For the last eight weeks, the XFL has had the weekends to themselves as the only spring football option around.
That changes this weekend when the second iteration of the USFL returns for its second season and the two leagues go head-to-head.
The question is…will football audiences care?
While the XFL has tried to intrigue audiences with an abundance of sidelines access and the kind of transparency that NFL viewers would kill for, the ratings haven’t set the football world on fire. Through the first five weeks of the 2023 season, XFL games averaged 656,900 viewers, down 63 percent from the 1.78 million average for the league’s first five weeks in 2020.
However, there are signs that things are on the upswing. Last weekend’s Houston-San Antonio game averaged 1.01 million viewers on ABC, the second-largest XFL audience since Week 1. Meanwhile, ESPN averaged 868,000 for Vegas-St. Louis game, the largest XFL cable audience since Week 1, and ESPN2 averaged 487,000 for DC-Seattle on Sunday night, its largest XFL audience since Week 4.
As of right now, the XFL is averaging 632,000 viewers across the eight weeks they’ve played, which is a little low compared to the USFL last year, when it averaged 715,000.
Those improving numbers will be put to the test this weekend when their Week 9 slate on ABC, ESPN, and ESPN2 goes up against the USFL’s Week 1 games on Fox, NBC, and FS1. Specifically, the two leagues will literally go head-to-head on Saturday night when ESPN2 has the Orlando Guardians vs. San Antonio Brahmas while Fox has the Birmingham Stallions vs. New Jersey Generals. Meanwhile, on Sunday, the USFL has the Michigan Panthers vs. Houston Gamblers on NBC when the XFL has the Arlington Renegades vs. D.C. Defenders on ESPN.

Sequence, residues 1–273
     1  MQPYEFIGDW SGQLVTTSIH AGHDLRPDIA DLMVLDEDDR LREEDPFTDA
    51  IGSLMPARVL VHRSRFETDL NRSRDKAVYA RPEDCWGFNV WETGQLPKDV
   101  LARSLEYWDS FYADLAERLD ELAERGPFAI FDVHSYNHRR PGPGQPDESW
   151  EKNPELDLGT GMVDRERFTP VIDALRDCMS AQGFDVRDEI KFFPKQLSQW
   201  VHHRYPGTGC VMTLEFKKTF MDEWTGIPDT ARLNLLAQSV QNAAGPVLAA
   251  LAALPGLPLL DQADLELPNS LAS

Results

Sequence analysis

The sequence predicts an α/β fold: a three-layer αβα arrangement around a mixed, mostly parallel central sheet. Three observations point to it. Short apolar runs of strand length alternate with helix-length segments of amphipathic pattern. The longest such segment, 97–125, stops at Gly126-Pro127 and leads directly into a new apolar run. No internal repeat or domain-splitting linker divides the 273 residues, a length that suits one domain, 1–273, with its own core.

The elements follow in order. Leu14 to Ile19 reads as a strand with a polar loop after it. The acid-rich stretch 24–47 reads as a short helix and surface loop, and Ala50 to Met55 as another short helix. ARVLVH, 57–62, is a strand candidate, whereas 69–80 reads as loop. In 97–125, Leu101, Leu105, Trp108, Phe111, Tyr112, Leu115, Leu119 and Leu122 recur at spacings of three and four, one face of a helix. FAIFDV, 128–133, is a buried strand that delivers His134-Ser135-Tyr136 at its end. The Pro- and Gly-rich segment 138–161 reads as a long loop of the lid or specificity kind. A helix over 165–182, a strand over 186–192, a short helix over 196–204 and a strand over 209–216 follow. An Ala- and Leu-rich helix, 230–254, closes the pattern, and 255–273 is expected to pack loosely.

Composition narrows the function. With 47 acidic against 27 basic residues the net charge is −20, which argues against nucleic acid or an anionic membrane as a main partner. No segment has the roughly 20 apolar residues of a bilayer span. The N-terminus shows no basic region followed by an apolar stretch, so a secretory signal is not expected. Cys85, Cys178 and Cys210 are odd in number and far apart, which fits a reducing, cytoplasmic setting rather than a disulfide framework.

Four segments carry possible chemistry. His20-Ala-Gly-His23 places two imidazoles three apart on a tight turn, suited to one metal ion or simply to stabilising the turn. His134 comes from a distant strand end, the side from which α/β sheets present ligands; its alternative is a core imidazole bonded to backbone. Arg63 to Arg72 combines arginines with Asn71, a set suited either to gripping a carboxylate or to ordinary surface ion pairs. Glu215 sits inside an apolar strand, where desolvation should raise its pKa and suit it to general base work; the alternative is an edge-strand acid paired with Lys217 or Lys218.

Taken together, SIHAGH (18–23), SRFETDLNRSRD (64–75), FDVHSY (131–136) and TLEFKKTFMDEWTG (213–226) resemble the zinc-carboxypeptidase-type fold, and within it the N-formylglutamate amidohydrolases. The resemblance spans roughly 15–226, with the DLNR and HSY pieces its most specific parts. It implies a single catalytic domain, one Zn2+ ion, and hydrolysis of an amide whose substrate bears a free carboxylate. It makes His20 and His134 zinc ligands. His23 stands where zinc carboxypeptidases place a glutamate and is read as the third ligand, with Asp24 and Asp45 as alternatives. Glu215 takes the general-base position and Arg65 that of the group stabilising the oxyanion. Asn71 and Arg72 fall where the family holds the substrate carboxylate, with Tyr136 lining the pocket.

While the XFL has the advantage of having the momentum it’s built up throughout the season thanks to small but rabid fanbases, the USFL’s advantage is its one-year head start and more sizable broadcast audiences. However, it’s not as though the USFL was putting up big ratings numbers last year either.
So what will we learn? Perhaps we’ll get a good sense of which league is able to grab more eyeballs. We might learn that in spite of their head start, the XFL can’t compete with the USFL’s built-in broadcast advantage. Or maybe we’ll learn that the people who watch spring football are too attached to the XFL to bother with the USFL just yet.
There will probably be a desire to use the weekend numbers to tell some kind of narrative about whether or not both leagues can survive long-term (or if neither of them can). But there’s also a lot more to the story when it comes to why the networks and investors behind these leagues will continue to back them.
History has not been kind to spring football leagues and the odds remain stacked against both leagues sticking around for very long. Regardless, we’re also about to find out just how many viewers are invested enough to be part of that journey.